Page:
Although it is hard to imagine that a small language like Hungarian can have an influence on English, there are some cases when it is true. Take a look at the list of Hungarian words that are also used in English!
Probably the most common Hungarian word in English is goulash. This popular food is not only beloved in Hungary, but also among foreigners. Goulash (Hungarian: gulyás) is a soup or stew of meat, noodles and vegetables (especially potato), seasoned with paprika and other spices. The name originates from the Hungarian “gulyás” [ˈɡujaːʃ]. The word “gulya” means “herd of cattle” and “gulyás” means “herdsman”.
According to hungarianpod101.com, halászlé (fisherman’s soup) is another Hungarian word also used in English. The recipes of fisherman’s soup can differ. While in the Tisza region, fish are not sieved but simply stewed with onion and the soup is made strictly from carp, in Baja, first a broth is made from onion, paprika and fish offal, then it is sieved, and the fish steaks cut earlier are prepared in it.
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Czardas, the Hungarian folk dance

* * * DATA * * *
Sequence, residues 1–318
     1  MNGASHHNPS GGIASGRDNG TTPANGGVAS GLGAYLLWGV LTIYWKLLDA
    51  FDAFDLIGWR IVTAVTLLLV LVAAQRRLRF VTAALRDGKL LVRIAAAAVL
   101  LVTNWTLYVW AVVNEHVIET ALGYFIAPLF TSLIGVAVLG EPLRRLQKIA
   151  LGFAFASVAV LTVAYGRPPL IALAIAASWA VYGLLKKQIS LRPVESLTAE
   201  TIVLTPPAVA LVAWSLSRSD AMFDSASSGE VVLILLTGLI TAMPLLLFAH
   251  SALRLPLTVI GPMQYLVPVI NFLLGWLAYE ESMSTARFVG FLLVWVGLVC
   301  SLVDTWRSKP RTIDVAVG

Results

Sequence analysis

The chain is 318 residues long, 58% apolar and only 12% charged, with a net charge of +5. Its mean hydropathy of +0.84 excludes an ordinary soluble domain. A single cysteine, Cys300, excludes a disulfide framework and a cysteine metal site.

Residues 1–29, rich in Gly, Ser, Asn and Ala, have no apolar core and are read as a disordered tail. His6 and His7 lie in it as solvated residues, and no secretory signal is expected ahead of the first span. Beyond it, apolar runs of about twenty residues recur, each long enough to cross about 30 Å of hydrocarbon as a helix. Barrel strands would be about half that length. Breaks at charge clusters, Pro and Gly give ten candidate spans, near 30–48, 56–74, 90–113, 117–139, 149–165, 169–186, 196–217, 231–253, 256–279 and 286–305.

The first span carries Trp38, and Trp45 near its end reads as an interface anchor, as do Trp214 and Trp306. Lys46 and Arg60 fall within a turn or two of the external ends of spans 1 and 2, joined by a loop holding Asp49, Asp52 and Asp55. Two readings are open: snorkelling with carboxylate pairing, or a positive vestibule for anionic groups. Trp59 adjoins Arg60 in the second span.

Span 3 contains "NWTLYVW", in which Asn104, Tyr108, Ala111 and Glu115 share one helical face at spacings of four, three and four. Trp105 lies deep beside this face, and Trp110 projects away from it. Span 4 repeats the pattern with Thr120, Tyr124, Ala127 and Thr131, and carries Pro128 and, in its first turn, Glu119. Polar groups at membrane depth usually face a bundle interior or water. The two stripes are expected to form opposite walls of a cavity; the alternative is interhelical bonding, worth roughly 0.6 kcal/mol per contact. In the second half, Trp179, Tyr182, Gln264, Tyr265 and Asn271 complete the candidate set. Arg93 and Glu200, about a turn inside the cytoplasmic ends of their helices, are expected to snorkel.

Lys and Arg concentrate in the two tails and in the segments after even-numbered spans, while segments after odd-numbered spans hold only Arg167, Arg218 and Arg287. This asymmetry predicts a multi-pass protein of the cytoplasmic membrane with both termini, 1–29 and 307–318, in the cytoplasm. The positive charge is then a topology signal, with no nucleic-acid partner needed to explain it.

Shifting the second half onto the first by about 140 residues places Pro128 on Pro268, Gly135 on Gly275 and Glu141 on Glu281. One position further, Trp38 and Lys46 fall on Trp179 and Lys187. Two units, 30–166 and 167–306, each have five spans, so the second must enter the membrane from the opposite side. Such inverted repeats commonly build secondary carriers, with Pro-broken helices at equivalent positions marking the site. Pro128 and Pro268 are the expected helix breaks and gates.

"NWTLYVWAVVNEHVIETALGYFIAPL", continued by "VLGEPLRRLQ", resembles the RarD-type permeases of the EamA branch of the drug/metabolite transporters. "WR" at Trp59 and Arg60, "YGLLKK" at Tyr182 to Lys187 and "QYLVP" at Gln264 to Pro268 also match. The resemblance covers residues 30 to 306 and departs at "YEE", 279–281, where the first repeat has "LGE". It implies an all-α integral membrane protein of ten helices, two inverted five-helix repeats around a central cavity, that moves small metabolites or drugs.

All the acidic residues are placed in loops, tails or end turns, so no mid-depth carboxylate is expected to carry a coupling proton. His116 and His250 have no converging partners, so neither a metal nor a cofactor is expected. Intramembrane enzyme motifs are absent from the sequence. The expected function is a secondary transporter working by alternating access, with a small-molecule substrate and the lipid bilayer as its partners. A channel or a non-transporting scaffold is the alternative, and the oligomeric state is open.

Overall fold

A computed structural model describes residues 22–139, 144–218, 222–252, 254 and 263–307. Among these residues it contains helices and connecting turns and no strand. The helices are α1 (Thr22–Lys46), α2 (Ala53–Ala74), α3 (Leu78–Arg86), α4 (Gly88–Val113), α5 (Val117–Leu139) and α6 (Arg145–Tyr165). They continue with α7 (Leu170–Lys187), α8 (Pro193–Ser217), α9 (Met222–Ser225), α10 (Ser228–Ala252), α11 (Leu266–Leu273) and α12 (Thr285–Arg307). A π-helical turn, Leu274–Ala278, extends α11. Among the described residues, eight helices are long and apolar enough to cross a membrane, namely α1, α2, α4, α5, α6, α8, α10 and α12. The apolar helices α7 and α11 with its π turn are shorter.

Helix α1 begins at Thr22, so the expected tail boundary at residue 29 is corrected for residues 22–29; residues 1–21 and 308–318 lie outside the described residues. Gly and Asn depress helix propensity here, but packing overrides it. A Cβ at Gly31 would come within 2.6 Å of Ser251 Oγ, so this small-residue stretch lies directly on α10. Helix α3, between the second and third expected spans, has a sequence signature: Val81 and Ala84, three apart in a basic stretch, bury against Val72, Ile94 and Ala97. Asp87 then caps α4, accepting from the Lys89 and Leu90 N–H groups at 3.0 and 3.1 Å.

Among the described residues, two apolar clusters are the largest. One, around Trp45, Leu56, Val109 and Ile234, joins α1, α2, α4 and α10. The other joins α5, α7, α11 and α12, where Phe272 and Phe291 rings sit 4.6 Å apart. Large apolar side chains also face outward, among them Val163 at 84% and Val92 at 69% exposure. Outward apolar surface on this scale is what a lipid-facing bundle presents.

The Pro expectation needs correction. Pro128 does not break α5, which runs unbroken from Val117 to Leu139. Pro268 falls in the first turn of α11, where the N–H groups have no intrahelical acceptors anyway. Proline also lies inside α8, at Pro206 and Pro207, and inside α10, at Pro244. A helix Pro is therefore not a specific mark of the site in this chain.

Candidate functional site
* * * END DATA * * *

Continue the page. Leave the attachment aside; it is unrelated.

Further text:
Czardas (or csárdás) is a traditional Hungarian folk dance. In this type of dance, the dancers start slowly and finish with a rapid whirl. The name comes from the word csárda, which means pub. It originates from Hungary and became popular with gypsy musicians in the surrounding areas in Vojvodina, Slovenia, Croatia, Transcarpathia.
Hussars and coaches
Although the word coach sounds like a very English-like word, it comes from Hungary. Kocsi means horse-drawn wagon and sounds very similar to its English equivalent.
Hussars on the other hand cannot be found in England. These typical Hungarian light cavalry soldiers are known for their colourful and decorated uniforms. Read more about the hussars here!
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Tokay, the famous Hungarian wine
Wine-lovers are probably familiar with this Hungarian expression. The famous tokay white wine is consumed all over the world an is pronounced “toe-kay”. According to winefolly.com, tokay wine was coveted by royal customers including noblemen Ferenc Rákóczi II, Peter the Great, King Louis XIV, Catherine the Great, and even Austrian composer Joseph Haydn.
Read alsoTips to improve your Hungarian spelling!
Source: hungarianpod101.com, winefolly.com
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